Is naltrexone an opioid blocker?

Yes it is. Naltrexone is a non-opioid medicine that strongly blocks opioid receptors. It is non-controlled and can be prescribed by any doctor or healthcare provider who can prescribe medications.

How much does naltrexone cost?

As discussed on a recent naltrexone podcast episode, naltrexone is not too expensive. It is typically about $30 for a one month supply of generic tablets. It is also possible to get customized naltrexone products from compounding pharmacies. This can be useful when a doctor prescribes low dose naltrexone therapy (LDN).

What is Low Dose Naltrexone?

The standard dosage of naltrexone is 50mg. A 50mg tablet can be taken daily for conditions such as alcohol use disorder and opioid use disorder. Naltrexone is also used for a variety of other medical conditions. It has been used for fibromyalgia-related pain and even for obesity. For these alternate uses, it is usually prescribed in low doses, in the range of 2mg-5mg daily. This is known as LDN or low dose naltrexone. As discussed on one well-known naltrexone podcast, a compounding pharmacy in Jacksonville, Florida is producing a wide variety of naltrexone compound products to meet the needs of patients who are prescribed LDN.

What is the Sinclair Method?

Dr. John David Sinclair came up with the idea that naltrexone could be used to help alcoholics reduce their drinking. Naltrexone has been known to help reduce cravings for alcohol in alcoholics for many years. The difference with the Sinclair Method is that the alcoholic is supposed to reduce drinking while taking the medication, but not stop completely. Dr. Sinclair’s method is controversial. Claudia Christian, a famous actress, has worked hard in publicizing the Sinclair Method. Various naltrexone podcasts have featured it as well. Even if you do not agree with the Sinclair Method, it is helpful that it brings attention to the use of naltrexone for curbing cravings in alcoholics.

How can naltrexone help opioid-addicted people?

Naltrexone can reduce cravings for opiates and opioids by blocking the opioid receptors. Additionally, if a person on naltrexone relapses on an opioid, they will be less likely to feel the effects of it. Naltrexone is an effective treatment for opioid addiction and has a success rate similar to Suboxone. It can be used as part of a medication-assisted treatment program.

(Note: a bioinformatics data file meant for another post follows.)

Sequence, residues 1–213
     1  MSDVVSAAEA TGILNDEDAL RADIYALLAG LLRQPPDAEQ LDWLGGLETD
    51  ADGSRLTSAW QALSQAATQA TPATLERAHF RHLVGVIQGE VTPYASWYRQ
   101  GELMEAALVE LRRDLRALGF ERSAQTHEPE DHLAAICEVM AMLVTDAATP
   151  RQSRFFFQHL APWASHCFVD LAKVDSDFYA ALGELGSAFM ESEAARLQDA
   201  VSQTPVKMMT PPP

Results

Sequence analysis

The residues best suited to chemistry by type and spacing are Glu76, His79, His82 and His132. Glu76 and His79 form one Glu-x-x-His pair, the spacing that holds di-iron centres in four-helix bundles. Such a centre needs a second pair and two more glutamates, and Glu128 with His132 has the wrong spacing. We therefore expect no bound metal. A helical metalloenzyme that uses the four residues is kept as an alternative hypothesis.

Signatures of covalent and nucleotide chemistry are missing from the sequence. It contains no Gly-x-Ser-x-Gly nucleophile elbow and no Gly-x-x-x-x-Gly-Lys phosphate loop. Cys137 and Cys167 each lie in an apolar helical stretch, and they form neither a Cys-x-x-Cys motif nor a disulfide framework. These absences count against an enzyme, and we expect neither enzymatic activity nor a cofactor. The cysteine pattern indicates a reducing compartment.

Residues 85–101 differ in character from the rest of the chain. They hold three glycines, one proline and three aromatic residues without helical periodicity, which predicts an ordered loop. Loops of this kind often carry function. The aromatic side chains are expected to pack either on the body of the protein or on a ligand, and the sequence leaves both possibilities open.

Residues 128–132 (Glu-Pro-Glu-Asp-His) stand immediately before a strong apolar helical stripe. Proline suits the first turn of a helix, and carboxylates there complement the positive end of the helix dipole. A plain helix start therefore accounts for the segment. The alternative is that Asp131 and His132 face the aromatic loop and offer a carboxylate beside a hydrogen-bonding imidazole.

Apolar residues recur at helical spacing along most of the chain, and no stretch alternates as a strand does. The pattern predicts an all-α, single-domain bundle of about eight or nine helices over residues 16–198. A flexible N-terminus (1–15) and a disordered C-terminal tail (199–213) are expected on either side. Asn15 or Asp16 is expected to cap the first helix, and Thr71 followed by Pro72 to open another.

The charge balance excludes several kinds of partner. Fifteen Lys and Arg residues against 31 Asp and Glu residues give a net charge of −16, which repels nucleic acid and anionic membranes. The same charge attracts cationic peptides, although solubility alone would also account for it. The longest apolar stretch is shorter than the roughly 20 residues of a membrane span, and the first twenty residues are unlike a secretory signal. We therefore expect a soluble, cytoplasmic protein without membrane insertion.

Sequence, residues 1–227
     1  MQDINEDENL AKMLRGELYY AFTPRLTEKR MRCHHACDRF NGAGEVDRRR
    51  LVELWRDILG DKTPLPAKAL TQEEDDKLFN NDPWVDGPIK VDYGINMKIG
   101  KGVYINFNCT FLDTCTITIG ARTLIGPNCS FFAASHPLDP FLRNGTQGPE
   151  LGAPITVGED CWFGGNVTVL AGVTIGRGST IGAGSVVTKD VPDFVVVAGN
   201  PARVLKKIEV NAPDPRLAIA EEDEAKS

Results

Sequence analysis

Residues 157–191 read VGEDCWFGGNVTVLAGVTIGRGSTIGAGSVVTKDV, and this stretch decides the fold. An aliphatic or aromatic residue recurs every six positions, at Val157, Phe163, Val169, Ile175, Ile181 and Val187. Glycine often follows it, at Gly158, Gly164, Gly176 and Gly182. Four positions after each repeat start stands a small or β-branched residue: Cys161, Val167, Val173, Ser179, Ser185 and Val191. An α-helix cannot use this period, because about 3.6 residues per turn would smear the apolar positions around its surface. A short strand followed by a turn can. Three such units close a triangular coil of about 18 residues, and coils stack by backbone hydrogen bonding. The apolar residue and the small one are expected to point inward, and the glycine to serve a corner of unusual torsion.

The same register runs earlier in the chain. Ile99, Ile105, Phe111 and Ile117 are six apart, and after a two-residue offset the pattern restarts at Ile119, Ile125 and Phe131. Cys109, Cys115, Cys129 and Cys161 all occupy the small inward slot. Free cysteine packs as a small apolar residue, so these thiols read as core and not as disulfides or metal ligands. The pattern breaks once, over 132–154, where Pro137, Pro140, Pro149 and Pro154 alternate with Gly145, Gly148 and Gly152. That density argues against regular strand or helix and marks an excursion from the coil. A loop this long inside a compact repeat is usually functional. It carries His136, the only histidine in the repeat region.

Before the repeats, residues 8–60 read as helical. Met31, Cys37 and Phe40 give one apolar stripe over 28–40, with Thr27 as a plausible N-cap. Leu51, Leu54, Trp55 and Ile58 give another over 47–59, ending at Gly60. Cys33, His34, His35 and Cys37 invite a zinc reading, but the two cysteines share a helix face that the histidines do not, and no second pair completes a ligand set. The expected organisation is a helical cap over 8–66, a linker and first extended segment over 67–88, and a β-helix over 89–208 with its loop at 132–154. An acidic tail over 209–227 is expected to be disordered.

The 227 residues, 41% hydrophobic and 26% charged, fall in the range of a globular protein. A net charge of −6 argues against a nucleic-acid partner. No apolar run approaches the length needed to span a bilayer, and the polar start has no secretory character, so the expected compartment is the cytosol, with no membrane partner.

If I take naltrexone, am I clean and sober?

This is a good question. Naltrexone is not an opioid. It is not mind or mood-altering. If you are a recovering alcoholic and you no longer drink, but you do take naltrexone, you are sober without any doubt. The same goes for opioid addiction treatment. While patients who take methadone or Suboxone under the care of a doctor for opioid use disorder should also consider themselves to be clean and in recovery, naltrexone leaves no doubts by anyone’s standards. As you may have heard one guest state on naltrexone podcasts which have interviewed him, naltrexone is no more intoxicating than an aspirin.

What is Vivitrol?

Vivitrol is a monthly injectable form of naltrexone. The advantages of Vivitrol are that there is no doubt that the patient is getting their medication throughout the month. This is good for loved-ones and healthcare workers who are concerned that a patient may not take his or her naltrexone tablet each day. One naltrexone podcast host once described Vivitrol as a “chemical leash” for mothers to feel better that their sons or daughters are safe. To some extent, this is a false sense of security, though naltrexone does increase a person’s chance of success to stay clean and sober from opioids and alcohol. A big downside to Vivitrol is the price. At well over $1000, patients depend on health insurance to cover the cost. It is important to keep in mind that naltrexone tablets also work and if a patient is not able to obtain their Vivitrol shot, they should consider the generic tablets as being better than simply quitting naltrexone altogether.

We must spread the word about naltrexone.

Decades ago, naltrexone was strongly recommended as an important part of drug and alcohol treatment. It is safe and effective. Now, that it is an older generic medicine, it has been forgotten by many doctors and addiction treatment centers. We must all do our part to remind the rehab community about this excellent treatment for alcoholism and opioid addiction. It would help greatly if there were more naltrexone podcasts out there to help spread the word about this life-saving medication.